The murder case against Richard Shahan, the Alabama children’s pastor accused of stabbing his wife to death, took a surprise twist with allegations of a motive – and a secret life.
Shahan, 53, had been seeking to live in Europe with a boyfriend he planned to marry, Jefferson County prosecutors alleged at a bond hearing on Thursday. Shahan had $27,000 in cash including euros, pounds and Kazakh money when he was arrested on Jan. 1 at Nashville International Airport, in what they say was an attempt to flee the country.
Police reviewed 3,000 emails that showed Shahan planned to travel to Kazakhstan via Germany and ultimately planned to settle in the United Kingdom, the Alabama news group AL.com reports.
“He planned to become a citizen there and begin a new life with his boyfriend who he intended to marry,” prosecutor Leigh Gwathney said in court. “He had no intention of ever returning to the United States. He had no home to return to and he had said his goodbyes to his family.”
Karen Shahan, 52, an arts and crafts store manager, had been “violently” stabbed with a knife in their Homewood, Ala., home in July 2013, it was confirmed Thursday.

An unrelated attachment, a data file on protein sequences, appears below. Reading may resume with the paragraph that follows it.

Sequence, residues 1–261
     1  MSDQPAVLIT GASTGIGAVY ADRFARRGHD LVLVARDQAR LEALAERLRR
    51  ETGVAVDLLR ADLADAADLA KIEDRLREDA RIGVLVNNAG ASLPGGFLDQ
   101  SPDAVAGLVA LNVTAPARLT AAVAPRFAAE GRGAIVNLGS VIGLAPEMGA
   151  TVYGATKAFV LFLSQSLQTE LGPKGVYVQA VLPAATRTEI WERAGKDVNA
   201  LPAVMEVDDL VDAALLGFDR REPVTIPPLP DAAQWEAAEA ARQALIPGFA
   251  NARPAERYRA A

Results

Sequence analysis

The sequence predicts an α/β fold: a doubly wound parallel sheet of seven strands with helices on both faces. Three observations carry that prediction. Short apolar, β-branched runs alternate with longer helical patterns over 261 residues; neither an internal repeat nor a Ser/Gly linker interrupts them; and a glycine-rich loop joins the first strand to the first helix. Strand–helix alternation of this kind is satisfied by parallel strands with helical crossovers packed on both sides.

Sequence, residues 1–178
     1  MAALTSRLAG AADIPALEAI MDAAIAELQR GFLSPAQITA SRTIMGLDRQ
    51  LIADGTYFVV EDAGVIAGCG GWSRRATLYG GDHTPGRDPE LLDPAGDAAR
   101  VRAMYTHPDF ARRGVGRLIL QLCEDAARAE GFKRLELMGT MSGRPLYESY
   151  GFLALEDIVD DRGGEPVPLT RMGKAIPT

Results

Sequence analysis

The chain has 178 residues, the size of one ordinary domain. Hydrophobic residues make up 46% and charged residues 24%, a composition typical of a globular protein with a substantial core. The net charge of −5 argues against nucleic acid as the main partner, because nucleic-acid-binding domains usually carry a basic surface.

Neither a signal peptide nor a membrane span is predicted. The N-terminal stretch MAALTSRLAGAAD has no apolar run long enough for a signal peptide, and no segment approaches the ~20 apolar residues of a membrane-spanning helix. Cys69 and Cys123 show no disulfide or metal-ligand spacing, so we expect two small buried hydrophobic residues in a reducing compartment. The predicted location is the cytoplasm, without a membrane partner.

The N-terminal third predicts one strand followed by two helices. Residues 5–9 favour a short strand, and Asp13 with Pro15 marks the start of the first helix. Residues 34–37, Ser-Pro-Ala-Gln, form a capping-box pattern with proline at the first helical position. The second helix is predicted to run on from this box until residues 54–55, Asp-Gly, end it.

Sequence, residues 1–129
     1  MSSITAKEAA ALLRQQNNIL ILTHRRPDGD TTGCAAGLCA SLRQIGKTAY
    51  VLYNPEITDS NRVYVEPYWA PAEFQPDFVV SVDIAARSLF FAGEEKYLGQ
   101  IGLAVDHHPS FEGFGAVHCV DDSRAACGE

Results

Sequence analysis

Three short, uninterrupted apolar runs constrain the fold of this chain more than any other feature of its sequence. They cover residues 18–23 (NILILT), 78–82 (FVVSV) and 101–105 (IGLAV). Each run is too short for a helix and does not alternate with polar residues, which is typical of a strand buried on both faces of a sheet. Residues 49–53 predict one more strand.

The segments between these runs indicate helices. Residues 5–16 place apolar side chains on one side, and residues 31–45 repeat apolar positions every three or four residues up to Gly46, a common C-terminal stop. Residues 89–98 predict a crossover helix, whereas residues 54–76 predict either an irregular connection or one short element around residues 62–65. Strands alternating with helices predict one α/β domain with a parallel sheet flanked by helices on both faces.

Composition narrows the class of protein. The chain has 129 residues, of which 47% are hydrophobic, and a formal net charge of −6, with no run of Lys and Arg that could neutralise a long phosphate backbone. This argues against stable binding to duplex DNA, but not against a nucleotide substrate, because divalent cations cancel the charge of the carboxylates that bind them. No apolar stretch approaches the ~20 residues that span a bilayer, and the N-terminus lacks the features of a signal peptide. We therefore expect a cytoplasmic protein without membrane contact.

Judge Sheldon Watkins granted Shahan, who appeared in shackles and wearing a jail jumpsuit, a bond of $100,000 on the condition he’ll be placed under house arrest with electronic monitoring.
On Jan. 2, the First Baptist Church of Birmingham, from which Shahan resigned on Dec. 31, released a statement that read: “Our prayers go out to Richard and his family. We trust that eventually truth and justice can prevail.”
Shahan previously told police he was visiting one of his two sons in Kentucky on the day of the crime, and his attorney John Lentine told PEOPLE it’s “absolutely untrue” the pastor was trying to flee. Lentine says Shahan’s planned missionary work in Kazakhstan to help children had been publicly known for some time. He adds Shahan would have voluntarily surrendered had they known an arrest was imminent.
Lentine declined to comment on the new allegations, saying Shahan’s defense will be handled in court.